As proven, Iago is very subtle with his accusation and plants a seed of doubt and jealousy in Othello. He hesitates as he speaks, which causes Othello to question what Iago means. After watching Desdemona and Cassio talk together, Iago indicates that something unusual is going on between Cassio and Othello’s wife. This doubt that Othello has will make him weak and easy for Iago to carry out his plan of manipulation throughout the rest of the play. So, Iago fools Othello by aiming his manipulation at a weak spot, which is Desdemona and trying to create trust issues with his own wife.

However, Jack manipulates his boys into fearing a nonexistent beast so they could follow his orders and he could be leader. Iago manipulates Othello by creating personal doubts and Jack manipulates by creating fear within the boys. They both similarly manipulate by playing with others’ emotions. Thus, both Iago and Jack want to gain control, Iago wanting Cassio’s position as lieutenant and Jack wanting to become the chief of the tribe. Lastly, Iago manipulates Othello by aiming at his insecurities to make him believe that Desdemona is unfaithful to him. For instance, after Iago tells him about Desdemona cheating on him with Cassio, Othello responds with,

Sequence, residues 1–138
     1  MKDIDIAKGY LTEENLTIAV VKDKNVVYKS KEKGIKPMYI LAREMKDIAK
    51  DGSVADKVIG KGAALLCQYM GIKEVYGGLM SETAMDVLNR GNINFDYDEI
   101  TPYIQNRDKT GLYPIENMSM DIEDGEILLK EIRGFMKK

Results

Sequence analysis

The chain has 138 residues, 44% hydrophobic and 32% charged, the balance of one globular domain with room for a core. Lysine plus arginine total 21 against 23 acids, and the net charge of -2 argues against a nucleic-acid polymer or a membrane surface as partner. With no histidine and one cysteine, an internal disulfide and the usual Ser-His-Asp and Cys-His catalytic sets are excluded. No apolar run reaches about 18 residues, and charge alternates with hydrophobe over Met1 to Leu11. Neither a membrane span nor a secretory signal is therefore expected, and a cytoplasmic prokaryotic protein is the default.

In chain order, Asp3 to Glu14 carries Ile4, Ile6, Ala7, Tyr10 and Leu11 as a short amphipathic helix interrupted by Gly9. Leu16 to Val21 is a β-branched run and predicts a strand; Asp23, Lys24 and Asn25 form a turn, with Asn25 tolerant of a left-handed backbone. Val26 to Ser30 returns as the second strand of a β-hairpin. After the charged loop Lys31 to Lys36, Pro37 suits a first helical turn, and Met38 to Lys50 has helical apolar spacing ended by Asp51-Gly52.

“Haply, for I am black and have not those soft parts of conversation that chamberers have, or for I am declined into the vale of years-yet that’s not much-She’s gone, I am abused, and my relief must be to loathe her. O curse of marriage” (Shakespeare,135) Then he follows later on by saying, “Her name, that was as fresh as Dian’s s visage, is now begrimed and black as mine own face” (Shakespeare, 145). Clearly, Othello is not secure about being a black man. He even uses a simile by saying “…is no as grimy and black as my own face” to imply that he is insecure about being black. Evidently, Othello is easily deceived. Also, it is very apparent that Othello has self-esteem issues. His own insecurities that Iago uses to his advantage causes Othello to easily believe that Desdemona is unfaithful.

To compare, Iago uses Othello’s insecurities to manipulate him into thinking his wife cheated on him because she is not interested in the way he looks. In contrast, Jack shows Samneric his evil side and instills fear in them so that he can manipulate them to join his tribe. Both Iago and Jack use techniques of manipulation to convince the others to gain trust in them and take their side. Similarly, both do this to get revenge, become powerful and make the others do and think evil things.

Specifically, Jack intimidates the boys to get revenge on Ralph and to lower Ralph’s position as chief, while Iago convinces Othello of Desdemona’s unfaithfulness to get revenge on Othello and to make him vulnerable. In conclusion, both Iago from the play Othello and Jack from the Lord of the Flies use manipulation to reach their goal, however, Iago’s method of manipulation is by playing with a person’s insecurities and doubts whereas Jack’s is feeding on fear and intimidation to gain power.

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Comparison of the Mastermind Manipulators Jack from William Golding’s Novel Lord of the Flies and Iago from William Shakespeare’s Play Othello. (2021, February 22). WritingBros. Retrieved August 15, 2022, from